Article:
During his time on social media, James Franco has learned a thing or two — namely, posting selfies gets attention. Posting photos of other things ... not so much. And in a new column for The New York Times, Franco shares the wisdom of the selfie, and gave a tip of the hat to TODAY in the process.
"Selfies are something new to me, but as I have become increasingly addicted to Instagram, I have been accused of posting too many of them," he wrote in the article, which appeared online Dec. 26. "I was called out on the TODAY show, and have even been called the selfie king."
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When Franco appeared on TODAY in October, Savannah Guthrie had asked him about posting so many selfies.
"I don't want to post those things," he told her then. "I just look at the number of 'likes.' Like, if I put out a book or something that I like, I get this number and if I just put a stupid selfie it's like ten times (that)."
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It comes down to garnering attention, Franco wrote in his NYT article, attention that helps him promote the projects he really loves. "(A) well-stocked collection of selfies seems to get attention. ... Attention is power. And if you are someone people are interested in, then the selfie provides something very powerful, from the most privileged perspective possible."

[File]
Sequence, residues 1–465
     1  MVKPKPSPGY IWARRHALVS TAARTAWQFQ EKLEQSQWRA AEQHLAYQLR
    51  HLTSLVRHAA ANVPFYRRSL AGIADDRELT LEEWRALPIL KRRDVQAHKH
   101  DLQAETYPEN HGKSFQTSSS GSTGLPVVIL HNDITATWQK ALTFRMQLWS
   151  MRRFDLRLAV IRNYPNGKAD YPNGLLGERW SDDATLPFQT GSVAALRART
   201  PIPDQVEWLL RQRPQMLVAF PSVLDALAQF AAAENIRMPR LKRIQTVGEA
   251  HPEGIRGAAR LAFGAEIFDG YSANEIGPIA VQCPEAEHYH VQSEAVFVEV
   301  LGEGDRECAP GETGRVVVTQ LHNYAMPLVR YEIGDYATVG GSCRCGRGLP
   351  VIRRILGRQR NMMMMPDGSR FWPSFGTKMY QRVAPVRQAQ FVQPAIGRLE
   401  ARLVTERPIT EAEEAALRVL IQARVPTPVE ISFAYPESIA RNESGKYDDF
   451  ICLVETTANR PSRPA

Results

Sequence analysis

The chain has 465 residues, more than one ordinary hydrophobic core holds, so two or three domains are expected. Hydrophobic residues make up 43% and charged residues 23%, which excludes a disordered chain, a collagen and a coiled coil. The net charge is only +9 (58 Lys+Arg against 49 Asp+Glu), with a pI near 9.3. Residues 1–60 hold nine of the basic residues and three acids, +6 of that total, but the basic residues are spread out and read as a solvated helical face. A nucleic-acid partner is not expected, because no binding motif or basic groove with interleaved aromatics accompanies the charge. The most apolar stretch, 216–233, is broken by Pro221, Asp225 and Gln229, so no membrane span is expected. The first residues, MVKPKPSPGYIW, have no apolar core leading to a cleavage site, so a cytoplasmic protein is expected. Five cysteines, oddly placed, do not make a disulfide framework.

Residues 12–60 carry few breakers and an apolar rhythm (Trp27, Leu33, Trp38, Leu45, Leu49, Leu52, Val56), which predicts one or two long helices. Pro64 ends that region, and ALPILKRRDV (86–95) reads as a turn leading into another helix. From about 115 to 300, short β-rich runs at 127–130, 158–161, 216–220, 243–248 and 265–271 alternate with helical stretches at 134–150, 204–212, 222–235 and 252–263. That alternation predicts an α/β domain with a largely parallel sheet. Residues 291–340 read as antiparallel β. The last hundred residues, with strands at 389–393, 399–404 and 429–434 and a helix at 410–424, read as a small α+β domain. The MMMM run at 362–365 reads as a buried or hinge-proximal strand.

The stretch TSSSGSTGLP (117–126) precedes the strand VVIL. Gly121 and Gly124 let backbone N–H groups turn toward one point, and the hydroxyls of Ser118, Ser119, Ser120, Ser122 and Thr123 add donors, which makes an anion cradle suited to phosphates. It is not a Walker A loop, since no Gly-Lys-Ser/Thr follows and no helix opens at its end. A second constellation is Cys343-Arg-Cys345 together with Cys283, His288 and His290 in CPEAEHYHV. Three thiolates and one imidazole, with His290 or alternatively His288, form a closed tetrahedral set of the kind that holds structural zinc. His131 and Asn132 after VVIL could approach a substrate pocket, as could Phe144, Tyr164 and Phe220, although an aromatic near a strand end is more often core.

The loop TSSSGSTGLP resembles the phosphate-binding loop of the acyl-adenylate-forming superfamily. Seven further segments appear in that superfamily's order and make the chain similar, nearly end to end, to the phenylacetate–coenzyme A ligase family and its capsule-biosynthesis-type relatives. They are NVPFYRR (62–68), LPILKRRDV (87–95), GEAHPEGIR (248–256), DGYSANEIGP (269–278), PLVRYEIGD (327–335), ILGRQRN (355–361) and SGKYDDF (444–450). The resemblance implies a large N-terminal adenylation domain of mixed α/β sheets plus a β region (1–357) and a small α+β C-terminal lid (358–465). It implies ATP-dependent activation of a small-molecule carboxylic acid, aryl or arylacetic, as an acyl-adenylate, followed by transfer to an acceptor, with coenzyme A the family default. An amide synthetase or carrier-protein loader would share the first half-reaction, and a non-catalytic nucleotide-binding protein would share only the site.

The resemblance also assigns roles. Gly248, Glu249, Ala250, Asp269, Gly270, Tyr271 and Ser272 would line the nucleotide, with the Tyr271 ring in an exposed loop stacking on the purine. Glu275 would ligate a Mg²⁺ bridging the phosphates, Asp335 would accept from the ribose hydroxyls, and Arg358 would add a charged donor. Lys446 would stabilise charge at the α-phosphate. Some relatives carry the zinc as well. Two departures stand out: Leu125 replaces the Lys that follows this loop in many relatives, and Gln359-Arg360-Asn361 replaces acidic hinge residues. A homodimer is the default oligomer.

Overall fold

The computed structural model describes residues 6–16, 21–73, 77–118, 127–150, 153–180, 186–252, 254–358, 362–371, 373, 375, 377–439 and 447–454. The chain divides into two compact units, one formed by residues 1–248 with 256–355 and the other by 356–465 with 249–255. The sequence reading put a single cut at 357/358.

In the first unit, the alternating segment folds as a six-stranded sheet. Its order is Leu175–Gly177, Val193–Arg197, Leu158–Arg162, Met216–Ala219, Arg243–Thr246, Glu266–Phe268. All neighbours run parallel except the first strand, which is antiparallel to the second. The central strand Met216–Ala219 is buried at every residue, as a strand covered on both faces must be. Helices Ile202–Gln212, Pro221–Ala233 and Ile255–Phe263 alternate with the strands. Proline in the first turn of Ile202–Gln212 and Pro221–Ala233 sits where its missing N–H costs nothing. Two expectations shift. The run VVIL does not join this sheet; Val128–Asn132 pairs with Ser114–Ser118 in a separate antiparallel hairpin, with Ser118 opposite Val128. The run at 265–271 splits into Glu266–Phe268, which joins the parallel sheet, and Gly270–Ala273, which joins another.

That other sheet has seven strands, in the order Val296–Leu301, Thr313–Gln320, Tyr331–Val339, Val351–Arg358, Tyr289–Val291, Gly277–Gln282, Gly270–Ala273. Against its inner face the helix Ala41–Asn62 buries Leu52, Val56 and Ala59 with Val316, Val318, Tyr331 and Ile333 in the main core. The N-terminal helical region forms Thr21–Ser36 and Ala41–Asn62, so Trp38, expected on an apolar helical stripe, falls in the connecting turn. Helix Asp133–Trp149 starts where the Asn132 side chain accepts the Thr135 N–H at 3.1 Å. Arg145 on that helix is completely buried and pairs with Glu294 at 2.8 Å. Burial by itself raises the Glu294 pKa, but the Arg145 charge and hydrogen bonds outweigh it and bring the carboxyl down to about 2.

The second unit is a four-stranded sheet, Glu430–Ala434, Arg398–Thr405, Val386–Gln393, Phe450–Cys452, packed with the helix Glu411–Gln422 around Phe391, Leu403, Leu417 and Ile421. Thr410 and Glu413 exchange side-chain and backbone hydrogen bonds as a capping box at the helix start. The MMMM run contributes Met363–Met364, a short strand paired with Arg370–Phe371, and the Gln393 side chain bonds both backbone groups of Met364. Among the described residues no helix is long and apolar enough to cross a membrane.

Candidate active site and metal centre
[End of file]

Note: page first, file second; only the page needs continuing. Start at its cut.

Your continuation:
A celebrity selfie, he wrote, gives the kind of desired window fans want into a star's life. So Franco tries to keep the selfies to non-selfies at a one-to-one ratio, in the hopes that a fan who clicks through to a selfie might also check out his other pictures, which feature his books, paintings and poems.
For what it's worth, Guthrie insisted on TODAY Friday that she was not "calling out" Franco for excessive selfie use. "I was just observing that he posted a lot of selfies, which I thought was interesting," she said. "He's the best, a good author as well. The rest I'll just express in a selfie." (She then took a selfie, though she hasn't posted it yet.)
Maybe she should. These days, Franco believes a social media account that's sans selfies is a bit suspect. "I am actually turned off when I look at an account and don't see any selfies, because I want to know whom I'm dealing with," he wrote. "In our age of social networking, the selfie is the new way to look someone right in the eye and say, 'Hello, this is me.'"